The crisis line began on campus in the winter of '71, instigated by the counseling center as a response to the many students who had returned to Kent State in the fall of '70 after being traumatized by the shooting of students the previous May. The center was seeing a lot of students who just needed to talk about what had happened and how it had affected them. The psychologists had already thought of training paraprofessionals to deal with the mostly short term effects of crisis and decided the time was ripe to set up a training program and began recruiting volunteers. Within 2 years, the service moved off campus and became part of the county mental health system as a 24 hour crisis intervention service.
I volunteered in the fall of '71 and found myself in a group of 25 or so trainees, almost all of whom were students, with the exception of another community member, Nancy. She was a secretary and the wife of an older student, and I was pretty much a housewife and a member of the PTA and the League of Women Voters. The rest of the people looked like John and Yoko, with the beads and the peace signs and the hair and the beards. Four letter words I had never heard spoken aloud flew around, used as nouns, verbs and adjectives in most creative ways. The first party I went to with the group announced its location by the scent of pot wafting from an apartment. I didn't stay long, fearing the possibility of a headline featuring a local matron caught in a marijuana bust. It took some time to adjust, but we seemed to all fit together quite well.
As I got to know these kids, I realized that they were some of the brightest, funniest, kindest, most humanitarian and generous folks I had ever known. They were probably about the last generation of college students before technology took over person to person communication. They were pre-internet, pre-Ipod, pre-video game, and pre-cell phone people. It was also when the cost of attending a state univesity was within reason, so that these kids had the time to volunteer several hours a week. They also had a social conscience. They read books, they liked films, they played games, they made music. They knew how to listen, of course, since that's what we were trained to do, but you could also have a real conversation with them, using real words. Of course, it wasn't just the students who were endowed with these qualities. More community members joined the group: we had a bunch of local ministers, a priest, more housewives, a college instructor or two.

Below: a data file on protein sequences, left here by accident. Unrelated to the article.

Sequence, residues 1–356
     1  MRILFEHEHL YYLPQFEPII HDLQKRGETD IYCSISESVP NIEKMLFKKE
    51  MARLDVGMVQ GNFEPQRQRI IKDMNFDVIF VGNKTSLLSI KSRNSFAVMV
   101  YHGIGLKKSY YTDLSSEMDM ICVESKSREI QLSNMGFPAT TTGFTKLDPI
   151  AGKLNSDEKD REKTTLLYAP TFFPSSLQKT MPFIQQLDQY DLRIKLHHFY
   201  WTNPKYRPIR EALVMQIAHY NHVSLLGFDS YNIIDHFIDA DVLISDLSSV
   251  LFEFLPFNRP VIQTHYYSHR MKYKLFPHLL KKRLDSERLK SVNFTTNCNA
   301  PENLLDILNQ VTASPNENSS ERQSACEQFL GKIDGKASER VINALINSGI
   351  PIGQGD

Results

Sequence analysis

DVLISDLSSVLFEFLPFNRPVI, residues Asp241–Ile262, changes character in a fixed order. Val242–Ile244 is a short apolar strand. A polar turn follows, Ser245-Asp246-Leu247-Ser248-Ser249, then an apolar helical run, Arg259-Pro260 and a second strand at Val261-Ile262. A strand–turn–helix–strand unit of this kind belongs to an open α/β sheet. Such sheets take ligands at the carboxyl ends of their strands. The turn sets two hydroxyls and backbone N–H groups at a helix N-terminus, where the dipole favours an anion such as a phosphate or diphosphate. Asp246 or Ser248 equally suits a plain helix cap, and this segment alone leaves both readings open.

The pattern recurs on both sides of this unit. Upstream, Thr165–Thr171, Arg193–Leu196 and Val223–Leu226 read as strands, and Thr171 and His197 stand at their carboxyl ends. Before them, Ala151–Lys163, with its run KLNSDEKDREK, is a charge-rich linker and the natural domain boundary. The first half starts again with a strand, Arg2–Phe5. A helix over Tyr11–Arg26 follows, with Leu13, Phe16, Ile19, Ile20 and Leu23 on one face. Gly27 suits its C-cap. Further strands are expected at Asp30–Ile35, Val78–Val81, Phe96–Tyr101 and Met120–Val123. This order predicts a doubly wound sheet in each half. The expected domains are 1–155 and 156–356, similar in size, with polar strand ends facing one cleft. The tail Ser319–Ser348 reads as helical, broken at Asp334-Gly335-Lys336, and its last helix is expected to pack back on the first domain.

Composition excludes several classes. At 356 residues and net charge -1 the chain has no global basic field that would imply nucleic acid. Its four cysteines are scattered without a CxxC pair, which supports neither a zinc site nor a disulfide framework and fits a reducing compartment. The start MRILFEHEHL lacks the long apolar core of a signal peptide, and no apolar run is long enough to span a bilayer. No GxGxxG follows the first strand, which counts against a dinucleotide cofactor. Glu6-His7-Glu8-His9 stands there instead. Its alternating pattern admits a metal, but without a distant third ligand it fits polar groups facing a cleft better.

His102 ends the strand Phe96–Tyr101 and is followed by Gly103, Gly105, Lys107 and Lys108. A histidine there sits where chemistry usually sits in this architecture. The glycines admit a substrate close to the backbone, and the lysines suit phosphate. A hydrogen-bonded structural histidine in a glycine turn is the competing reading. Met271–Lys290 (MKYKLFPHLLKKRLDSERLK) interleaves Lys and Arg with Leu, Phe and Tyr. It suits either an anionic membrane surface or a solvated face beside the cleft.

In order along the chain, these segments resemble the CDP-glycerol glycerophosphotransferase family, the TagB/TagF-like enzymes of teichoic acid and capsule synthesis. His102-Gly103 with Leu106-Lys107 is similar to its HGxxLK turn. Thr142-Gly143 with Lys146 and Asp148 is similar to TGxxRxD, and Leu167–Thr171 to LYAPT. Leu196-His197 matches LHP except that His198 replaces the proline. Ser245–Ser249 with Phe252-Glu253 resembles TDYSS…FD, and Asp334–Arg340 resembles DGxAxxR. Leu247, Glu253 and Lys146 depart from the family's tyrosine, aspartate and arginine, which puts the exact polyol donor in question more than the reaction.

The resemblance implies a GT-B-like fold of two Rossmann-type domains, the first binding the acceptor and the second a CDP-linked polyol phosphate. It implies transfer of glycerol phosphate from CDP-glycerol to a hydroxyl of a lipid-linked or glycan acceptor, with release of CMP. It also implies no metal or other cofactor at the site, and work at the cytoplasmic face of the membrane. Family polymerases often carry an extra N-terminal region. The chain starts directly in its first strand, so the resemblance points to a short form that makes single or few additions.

I have kept in touch with a number of these great people over the years. Some of them stayed in the area: Dave, Annie, Bill, George, Kat, Bev, another Dave. Craig, Rich and another Renee live in Columbus but come up once in a while. Judi and Toni both ended up in Atlanta, as did Ken. Nancy, after getting her master's degree in theology, is in Philadelphia making quilts. Sue retired from being a corporate lawyer in Chicago and returned to Cleveland to do pro-bono legal work. Jackie travels around the world with her music. Elaine quit her job as a newspaper and radio restaurant reviewer and has gone into online marketing. There were a number of marriages: Ted and Saunis, JBell and Ed, Elaine and Brad, Joyce and Dan. Quite a number of those hippie kids became lawyers, doctors (one also an author), nurses, school teachers, college professors, librarians, social workers, psychologists, business men and women, writers, editors, musicians, and journalists. Some are gone from us: Carol, BJ (who insisted on being called Zachery) and Joyce.
The "kids" are now in their late fifties, early sixties. They're older now than I was when I met them. Some are even grandparents. Whenever I run into one of them, they always say. "Those were some of the best times of my life." They tell me how the skills they learned have helped them in their careers. It was a real community of like-minded people who got as much as they gave from the experience. As Renee said in Ashtabula the other day, "These are people I keep in my heart."
(The above photo does not include any actual people I know. It's a Photo-shopped combination I put together from the web.)